The data you provide will be de-identified by applying a HMAC (Hash-based Message Authentication Code) algorithm to key variables, such as first name, middle name, last name, and social security number. The ADRF HMAC uses a “salt” to create an encryption key first, that is then used to encrypt the value of the variable that needs to be hashed. The salt is created by generating 32 random hexadecimal digits which are converted to integers and then hashed using SHA256. Afterwards the encrypted value is hashed using SHA256. The hashing is one way and cannot be ‘decrypted’, however, it will always lead to the same resulting hash value for a given value. This allows joins of hashed values in two different tables (data from different agencies). The Coleridge Initiative will provide you with the hashing program, unit tests, an end-to-end test harness, and a sample data file used in the tests before hashing.
By default, you and all Coleridge staff outlined in the agreement will have access to the data. If your data is used for teaching purposes, class participants will have access to the data for the time period of the class once they’ve signed the respective agreements. If you allow researchers to access your data you will have full control over who can access your data. Your dataset will be assigned a data steward within your organization who will be the point of contact for all access requests. Access to data will only be granted after approval from the data steward.
The ADRF is FedRAMP certified and follows an extensive security protocol. You can find a short description of the data management plan here. You can request the technical FedRAMP documentation on all the security protocols in place here: https://marketplace.fedramp.gov/#/product/administrative-data-research-facility-adrf?sort=productName&productNameSearch=ADRF
General requirements for data stewardship are specified in Title III of the Evidence-Based Policymaking Act of 2018, “PART D – ACCESS TO DATA FOR EVIDENCE, § 3583. Application to access data assets for developing evidence, (a) Standard Application Process” and NIST Special Publication 800-53 Revision 4 standards document – “Security and Privacy Controls for Federal Information Systems and Organizations”. These documents state that agencies shall follow a defined process to ensure full transparency which is guided by an agency official with statutory or operational authority for specified information and responsibility for establishing the controls for its generation, collection, processing, dissemination, and disposal. The ADRF is designed to address the core data stewardship functionalities: meeting the information security requirements and operational responsibilities of data stewards, streamlining the data request and approval process, and monitoring and reporting about the usage of sensitive data. The initial step in implementing a data governance framework involves defining the owners or custodians of data assets within an agency, in a process called data stewardship. Processes and workflows are defined to formalize how the data will be stored, archived, backed up, and protected from mishaps, theft or attacks. A set of standards and procedures are developed that define how data is to be used by authorized personnel. Controls and audit procedures are put into place to ensure ongoing compliance with internal data policies and external government regulations, to guarantee that data gets used in a consistent manner across multiple applications.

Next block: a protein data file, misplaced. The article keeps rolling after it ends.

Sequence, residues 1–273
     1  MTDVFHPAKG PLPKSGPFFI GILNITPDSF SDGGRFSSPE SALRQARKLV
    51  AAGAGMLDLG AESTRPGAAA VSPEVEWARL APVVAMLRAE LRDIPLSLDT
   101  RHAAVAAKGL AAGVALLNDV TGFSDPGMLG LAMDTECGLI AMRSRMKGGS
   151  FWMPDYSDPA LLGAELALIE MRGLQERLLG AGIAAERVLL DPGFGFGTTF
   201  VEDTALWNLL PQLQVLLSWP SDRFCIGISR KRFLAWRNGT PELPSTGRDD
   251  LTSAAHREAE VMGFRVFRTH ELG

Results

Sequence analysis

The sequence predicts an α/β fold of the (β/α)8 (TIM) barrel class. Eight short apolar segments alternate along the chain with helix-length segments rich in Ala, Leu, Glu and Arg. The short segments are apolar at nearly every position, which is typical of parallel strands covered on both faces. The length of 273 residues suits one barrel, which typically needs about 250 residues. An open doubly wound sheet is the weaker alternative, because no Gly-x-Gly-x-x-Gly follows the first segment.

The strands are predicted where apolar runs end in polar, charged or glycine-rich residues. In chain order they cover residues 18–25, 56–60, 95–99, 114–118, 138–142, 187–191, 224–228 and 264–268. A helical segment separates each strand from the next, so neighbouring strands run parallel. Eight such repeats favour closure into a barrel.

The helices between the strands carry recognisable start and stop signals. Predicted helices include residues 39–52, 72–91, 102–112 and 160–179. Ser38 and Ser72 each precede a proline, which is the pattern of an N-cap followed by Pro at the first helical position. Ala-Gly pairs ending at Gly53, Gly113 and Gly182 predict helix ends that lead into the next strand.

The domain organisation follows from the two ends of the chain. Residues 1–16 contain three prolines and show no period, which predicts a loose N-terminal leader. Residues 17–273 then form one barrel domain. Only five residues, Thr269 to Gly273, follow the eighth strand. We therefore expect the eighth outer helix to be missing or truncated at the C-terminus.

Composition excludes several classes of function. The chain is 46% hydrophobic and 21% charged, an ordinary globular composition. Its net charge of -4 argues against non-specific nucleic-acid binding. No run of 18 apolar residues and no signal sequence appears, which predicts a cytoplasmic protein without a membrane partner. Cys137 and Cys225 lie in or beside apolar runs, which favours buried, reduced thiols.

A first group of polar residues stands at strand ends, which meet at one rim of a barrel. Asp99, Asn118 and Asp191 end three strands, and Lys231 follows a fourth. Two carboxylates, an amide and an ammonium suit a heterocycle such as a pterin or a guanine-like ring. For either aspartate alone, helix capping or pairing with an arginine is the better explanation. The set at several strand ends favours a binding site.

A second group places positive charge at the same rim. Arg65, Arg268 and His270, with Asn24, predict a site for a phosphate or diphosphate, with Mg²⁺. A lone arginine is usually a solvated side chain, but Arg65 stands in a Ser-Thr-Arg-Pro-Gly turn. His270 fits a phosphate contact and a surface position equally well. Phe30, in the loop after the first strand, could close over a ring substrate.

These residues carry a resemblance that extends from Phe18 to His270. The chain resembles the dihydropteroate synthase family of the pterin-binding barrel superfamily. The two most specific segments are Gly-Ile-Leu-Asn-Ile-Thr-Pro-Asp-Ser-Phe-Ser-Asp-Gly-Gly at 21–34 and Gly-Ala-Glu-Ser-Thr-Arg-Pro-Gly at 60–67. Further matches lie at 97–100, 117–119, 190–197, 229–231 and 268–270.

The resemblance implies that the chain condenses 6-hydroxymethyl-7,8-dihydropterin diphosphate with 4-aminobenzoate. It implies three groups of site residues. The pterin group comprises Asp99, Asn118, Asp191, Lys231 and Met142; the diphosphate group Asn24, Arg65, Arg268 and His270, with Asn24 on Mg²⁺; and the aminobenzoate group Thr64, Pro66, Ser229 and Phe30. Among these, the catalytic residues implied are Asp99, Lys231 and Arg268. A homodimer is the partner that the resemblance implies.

The Data Stewardship module is implemented as a web-portal which can be accessed by approved users. A user submits a project proposal using the Project Request workflow; the proposal includes the datasets to be used, the project members, and other information such as start and end dates. Before a request gets submitted to data stewards, members of the project must sign and upload any required non-disclosure agreements (NDAs) for their requested datasets. The request is then routed to the designated data stewards for evaluation. If approved, ADRF staff ensure that each user has completed the required security trainings before activating the project. Once a project is active, the Data Stewardship module includes an additional workflow for Monitoring and Reporting. These monitoring tools give data providers visibility into how their data is being used. Currently the ADRF platform logs all data access so that data owners can request to see how many people, on which projects, have accessed their data over a given period of time. Please refer to the official documentation for further details here: https://adrf.readthedocs.io/en/latest/